When considering bankruptcy as a potential solution for overwhelming debt in Texas, it is important to understand that not all debts can be discharged.
Certain obligations, known as non-dischargeable debts, will remain the debtor’s responsibility even after the bankruptcy process. Here are some key points regarding non-dischargeable debts in Texas:
What can and cannot be discharged
Non-dischargeable debts in Texas are determined by federal bankruptcy law, specifically under Chapter 7 and Chapter 13 bankruptcy. These chapters outline the rules and criteria for debt elimination or repayment. Chapter 7, or “total” bankruptcy, is quicker and directly eliminates most unsecured debts, while Chapter 13, or “reorganization” bankruptcy, requires you to repay some or all of your debts over a three- or five-year period, with the majority of debts discharged afterward.
Under both forms of bankruptcy, certain debts cannot be discharged. These typically include some tax debts, student loans (unless undue hardship can be proven), alimony and child support payments, debts resulting from fraud or illegal activities, court-ordered fines or restitution and debts arising from personal injury or wrongful death caused by driving under the influence.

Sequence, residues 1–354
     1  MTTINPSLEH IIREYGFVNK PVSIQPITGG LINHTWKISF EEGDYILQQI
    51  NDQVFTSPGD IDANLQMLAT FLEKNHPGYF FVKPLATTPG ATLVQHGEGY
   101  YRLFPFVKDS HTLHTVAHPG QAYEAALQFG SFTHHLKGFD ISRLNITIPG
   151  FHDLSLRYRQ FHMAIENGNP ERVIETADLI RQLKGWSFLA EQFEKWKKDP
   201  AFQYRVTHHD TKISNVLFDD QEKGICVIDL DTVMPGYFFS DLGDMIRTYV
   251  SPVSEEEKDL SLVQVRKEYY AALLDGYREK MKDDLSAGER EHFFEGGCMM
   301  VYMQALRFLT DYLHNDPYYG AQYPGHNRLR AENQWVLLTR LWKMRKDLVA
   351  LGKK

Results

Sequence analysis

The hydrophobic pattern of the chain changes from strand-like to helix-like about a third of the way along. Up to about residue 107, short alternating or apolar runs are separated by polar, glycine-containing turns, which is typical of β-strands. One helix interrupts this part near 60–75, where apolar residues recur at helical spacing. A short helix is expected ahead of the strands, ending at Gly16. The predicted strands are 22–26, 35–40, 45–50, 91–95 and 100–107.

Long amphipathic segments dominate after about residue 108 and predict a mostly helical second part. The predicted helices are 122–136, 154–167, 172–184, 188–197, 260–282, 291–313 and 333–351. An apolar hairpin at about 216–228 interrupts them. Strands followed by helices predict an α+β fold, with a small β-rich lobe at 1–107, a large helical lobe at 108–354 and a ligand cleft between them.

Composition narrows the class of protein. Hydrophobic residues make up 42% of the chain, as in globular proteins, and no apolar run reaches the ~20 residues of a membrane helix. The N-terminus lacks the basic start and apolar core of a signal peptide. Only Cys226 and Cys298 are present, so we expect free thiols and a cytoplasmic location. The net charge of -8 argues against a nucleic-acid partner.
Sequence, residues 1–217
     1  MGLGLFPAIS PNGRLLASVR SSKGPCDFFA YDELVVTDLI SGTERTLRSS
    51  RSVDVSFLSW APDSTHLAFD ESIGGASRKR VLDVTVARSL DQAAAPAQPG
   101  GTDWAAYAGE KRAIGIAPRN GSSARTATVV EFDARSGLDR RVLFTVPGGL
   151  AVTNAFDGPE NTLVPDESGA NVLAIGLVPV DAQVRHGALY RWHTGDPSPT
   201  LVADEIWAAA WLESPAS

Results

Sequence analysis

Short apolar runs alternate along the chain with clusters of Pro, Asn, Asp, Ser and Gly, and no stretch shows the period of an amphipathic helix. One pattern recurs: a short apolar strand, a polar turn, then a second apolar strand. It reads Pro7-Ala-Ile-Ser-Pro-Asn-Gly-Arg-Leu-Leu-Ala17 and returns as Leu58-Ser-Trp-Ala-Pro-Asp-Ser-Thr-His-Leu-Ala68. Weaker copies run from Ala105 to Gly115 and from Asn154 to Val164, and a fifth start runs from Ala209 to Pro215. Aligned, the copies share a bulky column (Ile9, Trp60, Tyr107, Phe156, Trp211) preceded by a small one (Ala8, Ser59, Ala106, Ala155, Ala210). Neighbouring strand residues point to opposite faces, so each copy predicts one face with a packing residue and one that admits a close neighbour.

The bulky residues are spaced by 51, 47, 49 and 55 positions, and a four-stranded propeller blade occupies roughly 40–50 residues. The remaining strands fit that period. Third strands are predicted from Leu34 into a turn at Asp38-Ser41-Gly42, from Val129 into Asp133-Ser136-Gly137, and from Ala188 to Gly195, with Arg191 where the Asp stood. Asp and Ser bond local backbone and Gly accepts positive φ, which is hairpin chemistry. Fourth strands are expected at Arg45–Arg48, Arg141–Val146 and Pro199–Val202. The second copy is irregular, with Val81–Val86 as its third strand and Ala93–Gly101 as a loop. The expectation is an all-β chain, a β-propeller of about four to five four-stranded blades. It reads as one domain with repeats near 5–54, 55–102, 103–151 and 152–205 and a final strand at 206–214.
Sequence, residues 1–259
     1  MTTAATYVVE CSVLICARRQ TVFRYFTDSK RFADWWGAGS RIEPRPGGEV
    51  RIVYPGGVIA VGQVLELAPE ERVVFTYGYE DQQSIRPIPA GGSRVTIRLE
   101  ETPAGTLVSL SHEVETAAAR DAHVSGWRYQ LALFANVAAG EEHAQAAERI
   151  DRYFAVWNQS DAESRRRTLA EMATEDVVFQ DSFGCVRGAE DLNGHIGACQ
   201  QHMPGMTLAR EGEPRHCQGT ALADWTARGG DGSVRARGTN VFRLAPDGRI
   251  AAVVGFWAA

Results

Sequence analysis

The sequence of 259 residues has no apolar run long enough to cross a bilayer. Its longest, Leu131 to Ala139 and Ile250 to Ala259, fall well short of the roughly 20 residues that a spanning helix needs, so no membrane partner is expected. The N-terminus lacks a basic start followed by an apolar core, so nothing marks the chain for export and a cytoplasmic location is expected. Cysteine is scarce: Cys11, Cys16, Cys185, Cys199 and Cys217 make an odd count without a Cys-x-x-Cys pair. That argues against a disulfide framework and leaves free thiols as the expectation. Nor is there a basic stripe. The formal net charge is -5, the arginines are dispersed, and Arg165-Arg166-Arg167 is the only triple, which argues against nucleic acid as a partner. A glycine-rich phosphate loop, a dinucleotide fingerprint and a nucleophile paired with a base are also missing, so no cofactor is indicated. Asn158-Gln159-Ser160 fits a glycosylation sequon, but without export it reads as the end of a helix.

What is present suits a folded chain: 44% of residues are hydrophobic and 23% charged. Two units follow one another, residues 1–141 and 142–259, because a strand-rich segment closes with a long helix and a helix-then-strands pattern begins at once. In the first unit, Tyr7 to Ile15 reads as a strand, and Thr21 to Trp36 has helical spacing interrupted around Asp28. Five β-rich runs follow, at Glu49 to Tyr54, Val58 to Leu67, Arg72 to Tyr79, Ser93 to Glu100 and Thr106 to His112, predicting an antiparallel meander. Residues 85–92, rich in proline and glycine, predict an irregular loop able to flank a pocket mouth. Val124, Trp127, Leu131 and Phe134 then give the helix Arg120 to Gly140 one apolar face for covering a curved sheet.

While not common, it’s also possible for a creditor to successfully challenge the plan to discharge a debt they hold. This can happen if the creditor believes that you essentially took advantage of the system by “running up a bill” right before you filed.
Navigating non-dischargeable Debts
Understanding which debts are nondischargeable when filing for bankruptcy in Texas is essential for effectively managing your financial situation. Understanding your legal rights in these situations can help you properly handle bankruptcy and avoid issues.